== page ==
Oscar shook his head. “Nah, although that didn’t help.”

He gestured her over to a section of the wall, pointing a long cylindrical object within, which she quickly recognized part of the engine’s cooling system. A part that had seen better days going by the large hole melted in the side of it.

“The seal gave out on this while we were spinning up. Started dumping heat back into the system and, well, something had to give eventually.”

“And that something was?” Kay asked.

“Engine took the brunt of it,” He gestured around at the room at large. “That’s what most of this is.”

Kay felt the mask becoming harder and harder to hold but still she managed the task, catching only a slight warble as she asked the ultimate question.

“Can you fix it?”

“Not likely,” Oscar said. “All we can do is replace it.”

The words were like a needle to the little bubble of hope that had been holding on in her chest. Slight as it had been, some small part of her had thought that maybe, just maybe, the universe would pay her back with the one lucky break that might allow her to salvage this. A busted engine she could have accounted for, one holding on by a thread she could make work.  But damaged beyond repair? That was worst case scenario. A worst-case scenario she now found herself smack dab in the middle.

 Some of this mental spiral must have shown on her face because Oscar was suddenly standing next her, hand half raised to her shoulder.

     “Hey, are you alright? You look pale.”

Kay shook herself back to the moment, managing to make herself dizzy in the process. She felt Oscar’s hand settle on her arm, probably hoping to steady her, but instead Kay found herself taking a step back, breaking the contact with a sharp pull of her arm.

When everything settled, the two of them stood less than two feet apart but it might as well have been miles. Kay tried to grasp at something to say, all too aware of the hurt look on Oscar’s face. It was quickly covered by worry as he raised his hand again, although he did keep his distance this time.

“I think we should get you home. We’ll worry about this tomorrow.”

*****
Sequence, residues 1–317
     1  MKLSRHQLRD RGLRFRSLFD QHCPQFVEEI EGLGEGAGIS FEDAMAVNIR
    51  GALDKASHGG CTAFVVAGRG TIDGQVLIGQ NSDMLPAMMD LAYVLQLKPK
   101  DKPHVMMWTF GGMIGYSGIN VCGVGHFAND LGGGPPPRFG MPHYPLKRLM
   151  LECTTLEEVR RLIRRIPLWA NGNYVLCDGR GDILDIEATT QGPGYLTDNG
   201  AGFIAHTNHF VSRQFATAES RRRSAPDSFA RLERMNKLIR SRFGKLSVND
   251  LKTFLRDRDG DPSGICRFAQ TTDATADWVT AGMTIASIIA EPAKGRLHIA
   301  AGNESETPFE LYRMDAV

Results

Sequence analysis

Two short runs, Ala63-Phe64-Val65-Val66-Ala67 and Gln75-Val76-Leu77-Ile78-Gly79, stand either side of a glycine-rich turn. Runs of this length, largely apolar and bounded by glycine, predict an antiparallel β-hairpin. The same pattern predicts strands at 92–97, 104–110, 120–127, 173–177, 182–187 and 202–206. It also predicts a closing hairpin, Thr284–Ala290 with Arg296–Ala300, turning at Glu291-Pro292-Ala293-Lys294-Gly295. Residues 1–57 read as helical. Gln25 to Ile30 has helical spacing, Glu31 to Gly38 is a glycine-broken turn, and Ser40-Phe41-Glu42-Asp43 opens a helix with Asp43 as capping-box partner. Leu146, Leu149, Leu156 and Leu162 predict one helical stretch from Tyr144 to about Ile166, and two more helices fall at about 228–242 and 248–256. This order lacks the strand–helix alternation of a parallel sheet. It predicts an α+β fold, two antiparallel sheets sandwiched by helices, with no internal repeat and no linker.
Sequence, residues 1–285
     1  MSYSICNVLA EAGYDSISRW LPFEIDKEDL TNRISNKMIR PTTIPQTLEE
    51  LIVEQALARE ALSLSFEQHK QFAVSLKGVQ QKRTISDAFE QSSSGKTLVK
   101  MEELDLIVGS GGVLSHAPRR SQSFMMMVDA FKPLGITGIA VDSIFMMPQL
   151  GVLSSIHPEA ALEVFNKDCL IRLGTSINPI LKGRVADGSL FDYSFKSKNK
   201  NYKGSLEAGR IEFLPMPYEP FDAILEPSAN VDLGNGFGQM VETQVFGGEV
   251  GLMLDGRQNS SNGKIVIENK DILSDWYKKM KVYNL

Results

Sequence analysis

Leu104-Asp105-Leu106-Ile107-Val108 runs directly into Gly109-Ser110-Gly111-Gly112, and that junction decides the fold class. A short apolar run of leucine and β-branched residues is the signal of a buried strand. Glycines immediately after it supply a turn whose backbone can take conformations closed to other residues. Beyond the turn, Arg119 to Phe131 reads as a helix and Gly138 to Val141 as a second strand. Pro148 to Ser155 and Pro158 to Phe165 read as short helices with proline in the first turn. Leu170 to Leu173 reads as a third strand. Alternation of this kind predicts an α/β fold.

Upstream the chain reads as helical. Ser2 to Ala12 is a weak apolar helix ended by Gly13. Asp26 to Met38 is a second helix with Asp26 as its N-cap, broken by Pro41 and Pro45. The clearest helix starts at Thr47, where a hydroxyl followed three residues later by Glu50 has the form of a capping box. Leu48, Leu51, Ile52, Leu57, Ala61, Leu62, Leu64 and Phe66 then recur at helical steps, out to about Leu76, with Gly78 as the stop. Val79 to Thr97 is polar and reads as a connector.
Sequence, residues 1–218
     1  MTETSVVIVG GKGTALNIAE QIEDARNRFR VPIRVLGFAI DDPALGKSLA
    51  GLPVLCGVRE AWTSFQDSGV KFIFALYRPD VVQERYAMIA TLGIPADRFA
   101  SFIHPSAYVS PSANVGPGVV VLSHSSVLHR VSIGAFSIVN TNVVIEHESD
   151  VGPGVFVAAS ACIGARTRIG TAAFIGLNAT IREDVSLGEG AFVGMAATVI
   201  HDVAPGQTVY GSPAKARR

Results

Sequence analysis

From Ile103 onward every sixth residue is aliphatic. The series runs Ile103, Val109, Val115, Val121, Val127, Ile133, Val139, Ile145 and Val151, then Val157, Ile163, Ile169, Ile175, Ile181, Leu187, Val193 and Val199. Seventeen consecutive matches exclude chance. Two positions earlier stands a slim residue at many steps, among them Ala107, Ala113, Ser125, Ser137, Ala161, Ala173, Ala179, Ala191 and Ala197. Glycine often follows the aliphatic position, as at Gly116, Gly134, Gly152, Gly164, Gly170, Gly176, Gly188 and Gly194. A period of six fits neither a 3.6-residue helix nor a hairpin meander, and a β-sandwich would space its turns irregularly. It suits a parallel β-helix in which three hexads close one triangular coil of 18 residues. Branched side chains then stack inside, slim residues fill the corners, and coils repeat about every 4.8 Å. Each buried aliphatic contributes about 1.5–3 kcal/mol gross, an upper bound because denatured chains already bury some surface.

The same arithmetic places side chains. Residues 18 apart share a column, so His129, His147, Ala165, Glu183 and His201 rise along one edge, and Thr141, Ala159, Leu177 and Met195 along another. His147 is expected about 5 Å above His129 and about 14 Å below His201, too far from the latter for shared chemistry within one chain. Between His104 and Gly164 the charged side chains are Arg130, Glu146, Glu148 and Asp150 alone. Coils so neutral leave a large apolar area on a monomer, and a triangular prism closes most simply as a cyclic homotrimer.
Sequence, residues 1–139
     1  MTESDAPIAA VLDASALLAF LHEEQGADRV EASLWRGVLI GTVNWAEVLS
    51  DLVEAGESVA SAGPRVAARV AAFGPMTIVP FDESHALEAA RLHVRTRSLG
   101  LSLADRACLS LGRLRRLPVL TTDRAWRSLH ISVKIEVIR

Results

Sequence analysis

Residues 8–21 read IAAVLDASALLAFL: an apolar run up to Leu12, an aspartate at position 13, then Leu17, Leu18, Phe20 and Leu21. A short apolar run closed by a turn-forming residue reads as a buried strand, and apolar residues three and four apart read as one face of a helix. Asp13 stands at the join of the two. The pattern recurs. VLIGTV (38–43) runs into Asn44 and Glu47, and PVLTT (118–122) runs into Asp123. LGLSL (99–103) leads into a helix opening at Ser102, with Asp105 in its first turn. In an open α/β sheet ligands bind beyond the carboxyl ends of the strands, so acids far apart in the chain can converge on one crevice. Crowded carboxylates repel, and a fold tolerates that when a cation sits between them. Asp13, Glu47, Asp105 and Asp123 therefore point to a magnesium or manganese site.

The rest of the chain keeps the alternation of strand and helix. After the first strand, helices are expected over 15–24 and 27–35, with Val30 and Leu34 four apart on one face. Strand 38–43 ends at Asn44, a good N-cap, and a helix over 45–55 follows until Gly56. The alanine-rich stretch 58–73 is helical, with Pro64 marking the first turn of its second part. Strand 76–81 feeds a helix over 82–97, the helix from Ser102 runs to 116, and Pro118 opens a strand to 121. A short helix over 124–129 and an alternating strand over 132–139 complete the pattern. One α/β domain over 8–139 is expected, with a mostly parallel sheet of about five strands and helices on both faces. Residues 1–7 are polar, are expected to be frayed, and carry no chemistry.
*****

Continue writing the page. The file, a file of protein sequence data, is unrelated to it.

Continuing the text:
“I’m fine Oscar,” Kay said, through her voice lacked any conviction.

“Don’t doubt it, you’re going anyway.”

Kay wanted to protest, argue that they had far more important things to be doing right now, but the fight had gone out of her. Despite having spent the last three days in bed, she could think of nothing else she’d rather do right now then sleep.

Nodding her silent agreement, Kay turned towards the door and began to slowly shuffle back out into the hall. Oscar kept pace with her, offering a shoulder to lean on which she gratefully took. Together, they climbed back up onto deck and onto the docks, settling into a slow pace for the long trip back to her apartment.

“Thanks,” Kay said. It was the only word she could manage.

“Hey, don’t worry about it,” Oscar said offering her a smile. “We’ll figure it out. We always do.”

Kay could offer nothing but a weak smile in return, finding for the first time that she did not believe him.  


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“Get up lazybones, you’re burning daylight!”

Kay grunted in annoyance, wrapping herself tighter in her blankets. She didn’t much care what she was doing with the daylight, being more concerned with staying in the nice warm bed. She had just about managed to fall back to sleep when the voice called again, joined by a hollow knocking on the door.

“Come on, up! Your breakfast is getting cold!”

Breakfast. Her only weakness. Damn.

Begrudgingly, Kay rose bleary-eyed from her bed, stretching and yawning herself awake as she emerged into the outside world.  A heavenly scent greeted her there, the mingled aromas of cooking oil, salt and butter wafting thickly through the air. Mouth watering, Kay moved to follow the smell towards its source in the nearby kitchen.

A plate was already waiting for her when she arrived, piled high with a mess of eggs, bacon and hash-browns, all so fresh that it still steamed lightly. Instantly Kay zeroed in on the offering, crossing the room in two quick strides to reach it. She didn’t even bother to sit down as she armed herself with a fork and attacked the food. It tasted as good as it had looked, the perfect blend of flavors exploding her mouth like a fireworks display. She tried to savor them, but hunger got the better of her and soon half the plate was gone.

“Well good morning to you too.”

Kay paused in her devouring long enough to acknowledge the voice’s owner through another mouthful. Her father stood at the stove, working with pan and spatula to prepare more food. A chuckle rumbled out of him at Kay’s less than polite response.

“I guess that counts.”